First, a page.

||It has been suggested that this article be merged with Disability hate crime. (Discuss) Proposed since September 2013.|
Disabled people are affected by what is termed disability abuse, and such activity has been cited as a hate crime. The abuse is not limited to those who are visibly disabled such as wheelchair-users or physically deformed such as those with a cleft lip but also those with learning disabilities such as dyslexia and dysgraphia, and other disabilites, including Asperger's syndrome, Down syndrome and developmental coordination disorder. In the latter case, this is linked to a poor ability in physical education, and this behaviour can be encouraged by the unthinking physical education teacher. Abuse of the disabled is not limited to schools. There are many known cases in which the disabled have been abused by staff of a "care institution", such as the case revealed in a BBC Panorama programme on a Castlebeck care home (Winterbourne View) near Bristol which led to its closure and the suspension and sacking of some of the staff.
Those with learning disabilities are often not as able to explain things to other people so are more likely to be disbelieved or ignored if they do complain.
There have been numerous cases of parents of children with disabilities who have murdered their children because of their disabilities. Sometimes the parents kill themselves alongside their child.
Disabled girls and women are particularly vulnerable to abuse.
Bullying is also a cause of disability and exacerbates existing disabilities.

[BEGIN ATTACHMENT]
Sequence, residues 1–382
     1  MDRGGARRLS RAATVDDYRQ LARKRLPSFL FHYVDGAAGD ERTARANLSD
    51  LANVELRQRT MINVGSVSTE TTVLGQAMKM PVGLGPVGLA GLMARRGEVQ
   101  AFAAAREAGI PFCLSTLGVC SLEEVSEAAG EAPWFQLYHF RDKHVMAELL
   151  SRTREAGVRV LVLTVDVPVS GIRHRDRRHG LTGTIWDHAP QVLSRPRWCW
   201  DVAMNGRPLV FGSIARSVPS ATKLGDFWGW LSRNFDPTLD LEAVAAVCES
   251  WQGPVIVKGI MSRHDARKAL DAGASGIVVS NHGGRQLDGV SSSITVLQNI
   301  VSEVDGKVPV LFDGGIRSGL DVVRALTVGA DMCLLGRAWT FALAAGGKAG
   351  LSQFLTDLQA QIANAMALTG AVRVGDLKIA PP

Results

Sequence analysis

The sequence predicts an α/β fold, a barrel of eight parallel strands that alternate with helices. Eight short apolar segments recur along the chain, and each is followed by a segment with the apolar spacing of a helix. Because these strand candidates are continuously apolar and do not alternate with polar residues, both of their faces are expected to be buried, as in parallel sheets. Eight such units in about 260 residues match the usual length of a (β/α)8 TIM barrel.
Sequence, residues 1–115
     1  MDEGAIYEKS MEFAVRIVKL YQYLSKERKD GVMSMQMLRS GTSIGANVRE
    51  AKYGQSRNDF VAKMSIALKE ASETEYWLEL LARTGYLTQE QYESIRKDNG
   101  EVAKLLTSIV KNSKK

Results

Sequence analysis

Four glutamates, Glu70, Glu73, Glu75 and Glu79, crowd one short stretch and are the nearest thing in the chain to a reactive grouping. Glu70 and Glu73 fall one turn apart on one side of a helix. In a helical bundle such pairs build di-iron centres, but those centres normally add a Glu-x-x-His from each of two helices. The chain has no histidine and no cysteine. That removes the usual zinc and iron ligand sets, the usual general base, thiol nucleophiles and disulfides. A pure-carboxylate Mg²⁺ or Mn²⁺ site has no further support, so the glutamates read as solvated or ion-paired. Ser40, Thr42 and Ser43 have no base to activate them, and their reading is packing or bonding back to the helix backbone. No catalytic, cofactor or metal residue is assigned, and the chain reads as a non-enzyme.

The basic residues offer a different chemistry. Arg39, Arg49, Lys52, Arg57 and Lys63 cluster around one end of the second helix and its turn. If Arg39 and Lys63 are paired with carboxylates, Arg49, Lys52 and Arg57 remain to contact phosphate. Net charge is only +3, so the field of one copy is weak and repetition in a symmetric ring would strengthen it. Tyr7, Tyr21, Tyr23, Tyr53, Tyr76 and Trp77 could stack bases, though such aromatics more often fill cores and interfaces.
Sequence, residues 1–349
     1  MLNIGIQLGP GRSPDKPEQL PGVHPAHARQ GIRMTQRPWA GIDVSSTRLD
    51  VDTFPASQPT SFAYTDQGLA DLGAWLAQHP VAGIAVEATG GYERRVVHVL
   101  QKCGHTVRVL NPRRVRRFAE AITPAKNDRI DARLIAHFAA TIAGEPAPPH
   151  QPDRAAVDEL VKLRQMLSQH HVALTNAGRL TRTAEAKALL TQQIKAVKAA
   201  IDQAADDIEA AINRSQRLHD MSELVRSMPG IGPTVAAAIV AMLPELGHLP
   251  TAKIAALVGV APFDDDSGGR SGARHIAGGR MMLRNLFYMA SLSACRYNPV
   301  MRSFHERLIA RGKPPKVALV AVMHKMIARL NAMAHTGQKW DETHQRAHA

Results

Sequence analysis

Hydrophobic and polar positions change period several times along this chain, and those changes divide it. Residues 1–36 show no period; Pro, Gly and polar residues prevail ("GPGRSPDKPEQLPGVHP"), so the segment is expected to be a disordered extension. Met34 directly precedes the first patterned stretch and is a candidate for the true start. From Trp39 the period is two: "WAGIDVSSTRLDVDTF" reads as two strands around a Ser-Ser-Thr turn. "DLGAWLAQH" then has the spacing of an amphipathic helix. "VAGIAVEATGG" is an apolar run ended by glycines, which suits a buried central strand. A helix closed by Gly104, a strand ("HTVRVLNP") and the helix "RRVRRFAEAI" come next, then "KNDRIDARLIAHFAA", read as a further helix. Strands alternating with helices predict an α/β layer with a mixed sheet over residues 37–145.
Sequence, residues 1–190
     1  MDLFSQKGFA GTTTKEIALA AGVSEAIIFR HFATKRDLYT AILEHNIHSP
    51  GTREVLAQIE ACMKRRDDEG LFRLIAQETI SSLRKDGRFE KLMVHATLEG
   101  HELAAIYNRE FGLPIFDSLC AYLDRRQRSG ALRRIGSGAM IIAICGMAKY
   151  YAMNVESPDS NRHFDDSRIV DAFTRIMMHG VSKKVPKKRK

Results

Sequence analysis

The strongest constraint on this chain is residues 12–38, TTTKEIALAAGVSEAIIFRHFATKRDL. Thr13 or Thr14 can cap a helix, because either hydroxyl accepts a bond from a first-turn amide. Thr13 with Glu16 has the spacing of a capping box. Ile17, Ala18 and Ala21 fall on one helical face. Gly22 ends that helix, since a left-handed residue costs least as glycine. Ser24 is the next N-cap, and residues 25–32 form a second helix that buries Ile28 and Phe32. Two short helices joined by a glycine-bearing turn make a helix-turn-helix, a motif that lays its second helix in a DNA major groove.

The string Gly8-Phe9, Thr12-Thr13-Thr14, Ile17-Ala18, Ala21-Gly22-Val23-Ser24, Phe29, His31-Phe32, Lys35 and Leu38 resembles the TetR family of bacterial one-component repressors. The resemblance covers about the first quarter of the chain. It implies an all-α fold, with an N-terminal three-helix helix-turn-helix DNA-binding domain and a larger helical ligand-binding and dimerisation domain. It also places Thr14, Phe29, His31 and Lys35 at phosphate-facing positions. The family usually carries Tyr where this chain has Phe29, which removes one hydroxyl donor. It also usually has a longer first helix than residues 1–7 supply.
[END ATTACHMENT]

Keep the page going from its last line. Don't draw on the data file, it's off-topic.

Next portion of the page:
Disabled people are more vulnerable to sexual abuse than the general population for numerous reasons. As they are less likely to report what has happened to them, their rapists are able to get away with the abuse. Victims often not taken seriously due to ableism which intersects with societal myths about sexual violence, for example, that 'ugly' people aren't raped, since society's beauty standard devalues disability.
According to Valenti-Hein & Schwartz, only 3% of sexual abuse cases involving developmentally disabled people are ever reported, more than 90% of developmentally disabled people will experience sexual abuse at some point in their lives, and 49% will experience 10 or more abusive incidents.
In England and Wales over 1700 disability hate crimes were recorded by police in 2011 and 2012, but a review by the Crown Prosecution Service said that they are 'overlooked' and 'under-reported'.
- Developmental disability abuse and vulnerability
- Disability hate crime
- Institutional abuse
- Sexual abuse of people with developmental disabilities
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